The information gained about the student's reading and comprehension from a Reading-With-Understanding Running Record enables a teacher to find Easy, Instructional and Hard levels of text for each student.

97-100% Accuracy: Easy

92-96% Accuracy: Instructional

Below 91% Accuracy: Hard

Analysis of the Running Record at the Hard Level will show where the processes are breaking down and will give information on the use of the meaning, structure and visual cues.

A student may have read the text with 97-100% accuracy but have failed to demonstrate any real understanding of the text either in the retelling or in response to the probe questions. This information is crucial and indicates that the material is at the Hard Level, even if the Running Record taken of the student reading aloud indicates that the text is at Easy or Instructional level, since the student is not understanding what they are reading. The teacher will then plan for instruction accordingly.

Retelling is a useful indicator of understanding. Cambourne discusses it as a means of assessment in The Whole Story (1988: 173)

He points out that effective readers' retellings are:

  • well organised, with evidence of selection and organisation of relevant detail
  • typically contain the main points and/or essence of the original text
  • are often characterized by paraphrases which capture the original meanings with different vocabulary

He further points out that less able readers' retellings:

  • are usually lists of unconnected items or events from the original text
  • lack coherence and focus
  • sound like an incomprehensible maze of disconnected discourse
  • display little evidence of effective paraphrase
  • show unsuccessful rote memorisation of the precise words and phrases used in the original text

Cambourne (1988) concludes by stating that good readers:

  • know that they should work actively and deliberately towards making sense of (comprehending) what it is they are reading
  • are aware when comprehension is not occurring

Less-effective readers, as a group, do not have the same focus.

Reading-With-Understanding Running Record Administration Procedure

  1. Gather the texts (at the appropriate level) selected for Reading-With-Understanding Running Records.
  2. Set the student at ease while filling in name, class, age, and date on the scoring sheet.
  3. Introduce the passage by reading the title and saying:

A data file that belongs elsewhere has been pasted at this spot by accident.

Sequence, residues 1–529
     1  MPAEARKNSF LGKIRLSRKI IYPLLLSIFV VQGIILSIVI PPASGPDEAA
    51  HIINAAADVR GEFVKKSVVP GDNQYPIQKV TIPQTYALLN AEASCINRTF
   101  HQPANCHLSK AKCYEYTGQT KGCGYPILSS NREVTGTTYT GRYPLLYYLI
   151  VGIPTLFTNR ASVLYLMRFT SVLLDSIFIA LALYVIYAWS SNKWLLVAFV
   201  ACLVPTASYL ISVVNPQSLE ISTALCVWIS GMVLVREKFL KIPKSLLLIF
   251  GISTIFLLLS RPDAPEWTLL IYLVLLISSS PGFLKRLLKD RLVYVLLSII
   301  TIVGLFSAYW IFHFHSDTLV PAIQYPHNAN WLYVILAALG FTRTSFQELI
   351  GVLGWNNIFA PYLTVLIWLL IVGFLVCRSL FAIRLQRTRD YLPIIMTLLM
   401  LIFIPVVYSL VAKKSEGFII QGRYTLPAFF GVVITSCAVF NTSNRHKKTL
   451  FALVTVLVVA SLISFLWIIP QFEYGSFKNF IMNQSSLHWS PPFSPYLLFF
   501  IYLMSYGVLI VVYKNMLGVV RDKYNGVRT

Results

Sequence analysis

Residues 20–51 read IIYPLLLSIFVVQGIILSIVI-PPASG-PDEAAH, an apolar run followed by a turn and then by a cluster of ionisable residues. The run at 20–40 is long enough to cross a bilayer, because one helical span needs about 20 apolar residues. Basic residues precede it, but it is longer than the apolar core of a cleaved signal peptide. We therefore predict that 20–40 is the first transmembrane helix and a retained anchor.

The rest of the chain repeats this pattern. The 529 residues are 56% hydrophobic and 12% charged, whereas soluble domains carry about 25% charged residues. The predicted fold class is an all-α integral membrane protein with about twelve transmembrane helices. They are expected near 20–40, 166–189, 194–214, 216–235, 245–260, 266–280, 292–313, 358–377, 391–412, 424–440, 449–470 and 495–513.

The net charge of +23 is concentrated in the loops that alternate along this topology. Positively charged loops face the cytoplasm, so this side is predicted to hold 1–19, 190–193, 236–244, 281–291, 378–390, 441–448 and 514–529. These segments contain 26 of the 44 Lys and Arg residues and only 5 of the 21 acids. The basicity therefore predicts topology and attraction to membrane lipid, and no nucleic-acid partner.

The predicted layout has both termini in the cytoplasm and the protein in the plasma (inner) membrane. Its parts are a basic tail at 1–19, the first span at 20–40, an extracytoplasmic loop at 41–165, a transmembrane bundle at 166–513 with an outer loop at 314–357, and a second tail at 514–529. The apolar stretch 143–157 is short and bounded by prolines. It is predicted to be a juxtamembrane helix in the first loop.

"This passage is about … and the people are ... I want you to read it to yourself, then tell me about it.”
  4. As the student retells the passage, record the points covered in UNDERSTANDING on summary sheet. Teachers will need to have read every selected passage and be aware of two or three main points in each before assessing the quality of the retelling. If a student shows complete understanding, do not take a Running Record: offer another passage at the same level of a different type of writing.
  5. After the retelling say:

    "Now you can read the passage to me carefully."

    Record all reading behaviour on the score sheet.
  6. After oral reading probe the student's understanding of the text by asking for further comment on points made in the retelling, eg

    "Tell me some more about ... Did you find out anything else?"

    One or two probes are sufficient. Enter the information on the Summary Sheet.
  7. Analyse the data using the Summary Sheet. Complete the form by setting teaching objectives.

Analysis: Refer frequently to these notes when learning how to analyse errors.

When analysing a student's reading, teachers might ask themselves
these questions:

Is the student trying to make sense of what is being read? (semantic cues ... meaning ... M) Does it make sense?

Is knowledge of language patterns being used? (syntactic cues ... structure ... S) Does that sound right?

Is knowledge of letters and their associated sounds being used? (graphophonic cues ... visual … V) Does that look similar?

Are confirmation and self-correction strategies being used?

Download and copy the Reading With Understanding Running Record
Summary Sheet

For further information and procedures see:

Clay, M. (3rd Edition 1987). The Early Detection of Reading Difficulties. New Zealand: Heinemann.

Kemp, M. (1987). Watching Children Read & Write. Melbourne: Nelson Australia.

Rowe, G., Lamont, H., Daly, M., Edwards, D. & Mayor Cox, S. (2000). Success with Reading & Writing: helping at-risk students 8-13 years. Victoria: Eleanor Curtain Publishing.

For more details on this text contact:

Eleanor Curtain Publishing
12 Claremont Street South Yarra Vic 3141
Tel: 613 9826 3222 Fax: 613 9826 9699